Giving Yourself The Edge – Part 1: Psychological

Whether you are starting your first job, beginning an apprenticeship, or at college, you will want to give yourself an edge so that you stand out. Of course, you will also want to show the best of yourself so that you can push forward to the next level too. Speaking up in meetings, classes, or at work will improve your visibility and allow you to make a good impression on those who can help you progress. Hiding your skills and not being seen will give others the opportunity to bypass you and possibly get the attention that you need to get ahead. Much of this can be put down to shyness or an introverted nature, but you shouldn’t let that stop you from making a good impression, and the first thing to do is to make sure you are not defeating yourself mentally. Overcoming such obstacles is more difficult for some than for others, but by going through a few steps you can start to let your true self shine, rather than letting others always take the limelight.

  • What’s Stopping You Speaking Up?

The first thing is to look at why you are finding it tough to speak up and let your views be heard. It may be due to inexperience – perhaps you feel that you are not yet qualified enough to speak up, you may be worried about upsetting others, or you may just be shy. Knowing what is holding you back is the first step in tackling the issue. Being confident at work will help mark you out for promotion, while getting your voice heard in class will make sure you are noticed by your tutors and allow you to check that your opinions and ideas are in line with the teachings of your course.

  • Agree With Others

If you are unsure about voicing your opinion, you can get some practice in by letting it be known when you agree with others. Make yourself known by letting others know when you agree with them, this will help build rapport as well as offering you a chance to be seen. This will help you when you need to speak out in opposition to something later – building your confidence as part of the group and finding your own voice. You don’t need to agree with everything that is said, but it can help you build a good rapport with your class or colleagues.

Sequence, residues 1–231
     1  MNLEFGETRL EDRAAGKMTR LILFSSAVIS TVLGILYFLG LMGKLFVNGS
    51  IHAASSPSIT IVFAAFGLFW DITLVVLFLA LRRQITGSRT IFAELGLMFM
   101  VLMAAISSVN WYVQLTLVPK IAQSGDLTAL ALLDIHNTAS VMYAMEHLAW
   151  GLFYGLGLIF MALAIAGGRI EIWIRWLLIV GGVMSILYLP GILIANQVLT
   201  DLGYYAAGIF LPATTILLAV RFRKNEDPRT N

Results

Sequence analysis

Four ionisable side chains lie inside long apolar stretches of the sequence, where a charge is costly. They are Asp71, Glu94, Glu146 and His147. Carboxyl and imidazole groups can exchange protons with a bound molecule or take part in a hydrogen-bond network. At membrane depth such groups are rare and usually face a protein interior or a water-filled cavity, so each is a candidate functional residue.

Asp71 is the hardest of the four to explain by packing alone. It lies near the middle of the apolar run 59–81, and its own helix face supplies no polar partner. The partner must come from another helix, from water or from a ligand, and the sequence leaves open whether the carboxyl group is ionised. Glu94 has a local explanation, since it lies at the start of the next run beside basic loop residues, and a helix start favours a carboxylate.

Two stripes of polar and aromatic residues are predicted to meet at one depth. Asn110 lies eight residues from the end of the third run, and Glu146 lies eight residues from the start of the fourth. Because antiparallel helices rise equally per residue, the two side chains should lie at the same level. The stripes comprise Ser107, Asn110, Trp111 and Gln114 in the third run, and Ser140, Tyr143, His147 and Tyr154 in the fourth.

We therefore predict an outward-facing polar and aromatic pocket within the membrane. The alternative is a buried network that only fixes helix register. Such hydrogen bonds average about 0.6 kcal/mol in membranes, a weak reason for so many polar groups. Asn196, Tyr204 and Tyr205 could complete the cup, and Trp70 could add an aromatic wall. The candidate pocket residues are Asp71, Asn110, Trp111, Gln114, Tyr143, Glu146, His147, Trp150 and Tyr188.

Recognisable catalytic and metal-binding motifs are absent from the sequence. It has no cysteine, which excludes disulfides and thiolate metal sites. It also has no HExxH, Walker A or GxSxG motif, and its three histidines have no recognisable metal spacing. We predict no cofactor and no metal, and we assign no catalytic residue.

• Just Speak Up

It may seem like a big step, but you really need to just get your voice heard. Just like jumping into a swimming pool it is better if you just get right in rather than painfully easing yourself in slowly. The longer you sit in silence the easier it is to let yourself drift into the background. Try to speak first when asked for opinions – this will also prevent the potentially awkward embarrassment of interrupting others or speaking over them.

  • Practice

If you are finding it a struggle to speak out in meetings or in class you might want to get some practice in a less pressured environment. Look for other opportunities to interact with people in less important situations – such as when you are out shopping. This will help build your confidence to speak to others and let your voice be heard. Some people find this easier than others, so don’t worry if it seems odd to start with. By pushing your comfort zone it will get easier with practice.

It is not all about how you address the situation internally but also physically, as your body language can have a huge impact with how seriously you are taken by others – check back tomorrow to find out more…

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